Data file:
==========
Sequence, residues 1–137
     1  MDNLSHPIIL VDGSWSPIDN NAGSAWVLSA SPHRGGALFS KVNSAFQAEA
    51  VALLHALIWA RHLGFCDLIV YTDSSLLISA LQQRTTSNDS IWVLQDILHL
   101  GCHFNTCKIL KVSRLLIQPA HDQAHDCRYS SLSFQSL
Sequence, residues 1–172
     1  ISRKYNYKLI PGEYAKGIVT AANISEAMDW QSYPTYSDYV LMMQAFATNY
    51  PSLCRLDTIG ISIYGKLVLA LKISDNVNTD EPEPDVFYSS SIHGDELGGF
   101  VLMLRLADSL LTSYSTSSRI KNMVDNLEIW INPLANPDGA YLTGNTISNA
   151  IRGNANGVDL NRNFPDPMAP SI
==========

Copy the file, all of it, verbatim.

Sequence, residues 1–137
     1  MDNLSHPIIL VDGSWSPIDN NAGSAWVLSA SPHRGGALFS KVNSAFQAEA
    51  VALLHALIWA RHLGFCDLIV YTDSSLLISA LQQRTTSNDS IWVLQDILHL
   101  GCHFNTCKIL KVSRLLIQPA HDQAHDCRYS SLSFQSL
Sequence, residues 1–172
     1  ISRKYNYKLI PGEYAKGIVT AANISEAMDW QSYPTYSDYV LMMQAFATNY
    51  PSLCRLDTIG ISIYGKLVLA LKISDNVNTD EPEPDVFYSS SIHGDELGGF
   101  VLMLRLADSL LTSYSTSSRI KNMVDNLEIW INPLANPDGA YLTGNTISNA
   151  IRGNANGVDL NRNFPDPMAP SI